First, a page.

For the week ending 2 June 2007 / 16 Sivan 5767

Lucid Dreaming

by Rabbi Yirmiyahu Ullman -
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From: Ben in Austin

Dear Rabbi,

I’ve recently embarked on a campaign to produce and enjoy lucid dreams. These are dreams in which you are aware that you are dreaming (you are lucid) and therefore you can, if you choose, control the dream. I would like to know if a person is held responsible for actions he takes in the dream world. Is performing a forbidden act in the dream world punishable? Assume that the person is of sound mind and body, and that any action he performs in the dream world would not unduly influence him to do the same in the real world.

Dear Ben,

Stephen LaBerge, a popular author and experimenter on lucid dreaming, has defined it as “dreaming while knowing that you are dreaming.” LaBerge and his associates have called people who purposely explore the possibilities of lucid dreaming “oneironauts” (literally from the Greek ονειροναύτες, meaning “dream sailors”). Accordingly, your question is basically: “To be, oneironaut to be”?

First, let me say that ancient Jewish sources speak at length about inducing a type of lucid dream experience, both during sleep and even from an initially normal wake state. I say “a type” of lucid experience because what is referred to in the modern use of this term is only a very limited, relatively insignificant form of what is described in those texts.

The main difference is that the modern phenomenon consists of entirely self-induced and self-directed products of the imagination. The Jewish mystical techniques and experiences, however, employ invoking Divine Names and the names of angels to transport the holy and righteous seeker upon a journey into the supernal realms that he himself directs. This results in a real spiritual experience that can reveal hidden mystical truths, as well as information regarding the past, present and future.

It’s worth mentioning that our sources also describe similar experiences that are induced through impure techniques involving magic, witchcraft, demons and other elements of “the dark side”. Of course, even just the use of these methods is forbidden and punishable, regardless of the content of the experiences they engender, because of their association with the “other side”.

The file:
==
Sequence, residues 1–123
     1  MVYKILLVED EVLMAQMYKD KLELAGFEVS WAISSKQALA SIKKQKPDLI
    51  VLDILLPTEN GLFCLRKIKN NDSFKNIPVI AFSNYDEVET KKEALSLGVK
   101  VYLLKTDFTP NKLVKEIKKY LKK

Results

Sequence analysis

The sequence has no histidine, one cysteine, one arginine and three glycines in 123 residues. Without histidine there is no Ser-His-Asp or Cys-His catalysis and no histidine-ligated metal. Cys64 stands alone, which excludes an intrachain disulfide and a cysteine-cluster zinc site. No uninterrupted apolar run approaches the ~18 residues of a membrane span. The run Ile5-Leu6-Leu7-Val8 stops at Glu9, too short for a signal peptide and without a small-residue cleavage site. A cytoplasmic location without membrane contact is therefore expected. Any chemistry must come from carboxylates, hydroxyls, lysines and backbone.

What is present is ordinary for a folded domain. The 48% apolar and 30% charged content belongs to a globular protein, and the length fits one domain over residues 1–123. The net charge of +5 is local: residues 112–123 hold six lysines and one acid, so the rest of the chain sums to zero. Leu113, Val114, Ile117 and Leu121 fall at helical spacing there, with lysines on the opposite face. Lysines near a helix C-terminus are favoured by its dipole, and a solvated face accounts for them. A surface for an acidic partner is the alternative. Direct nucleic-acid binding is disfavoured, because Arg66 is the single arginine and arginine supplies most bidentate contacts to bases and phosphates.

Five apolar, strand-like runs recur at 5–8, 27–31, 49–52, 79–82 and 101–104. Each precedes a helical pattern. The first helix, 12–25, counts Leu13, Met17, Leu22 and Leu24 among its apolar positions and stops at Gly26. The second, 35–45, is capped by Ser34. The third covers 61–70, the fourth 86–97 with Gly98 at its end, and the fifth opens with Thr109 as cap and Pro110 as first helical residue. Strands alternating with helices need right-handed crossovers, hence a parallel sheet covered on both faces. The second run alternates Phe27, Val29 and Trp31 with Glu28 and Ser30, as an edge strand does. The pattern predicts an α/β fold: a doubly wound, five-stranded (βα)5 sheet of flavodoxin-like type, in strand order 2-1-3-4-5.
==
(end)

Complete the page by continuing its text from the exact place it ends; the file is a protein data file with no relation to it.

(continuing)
Regarding lucid dreams, since the type of dream and what happens in it are a product of one’s own thoughts and imagination, the extent to which one is responsible for what he “does” in the dream will depend on to what extent one is punishable for thinking about doing something without actually doing it.

Accordingly, there would be nothing wrong with controlling a dream to think, feel or do pleasant things that are permissible, even if this includes imaginary thoughts such as flying through the air or whatever else.

Directing the dream such that you do things that would be forbidden in reality, while certainly not as severe as actually doing them, is nevertheless forbidden. The reason for this is that the mere thought of doing prohibited things taints and damages the soul, even if you explicitly think that you would never do it. In addition, even if in the current state you might feel assured that you won’t come to do the act, since the thoughts alone are damaging, your fortitude to resist over time might become eroded, in which case you certainly could come to do those acts at a later time, even if only in a lesser degree initially.

The distinction between the severity of only thinking about doing as opposed to actually doing, applies in most cases but not all. For example, regarding transgressions related to immorality or heresy, there is an explicit prohibition against mere thinking about these matters without even doing anything. In these cases, lucid dreaming —to the extent that one is fully conscious of, aware of, and in control of his thoughts — would be just as severe as entertaining these thoughts while awake. Similarly, just as a man is responsible for a release during sleep because of thoughts he entertained during the day, so too he would be liable for lucid-dreaming such a release, even though he didn’t actually “do” anything to cause it.

Bon voyage, and may you experience only spiritually lucid oneironauting!

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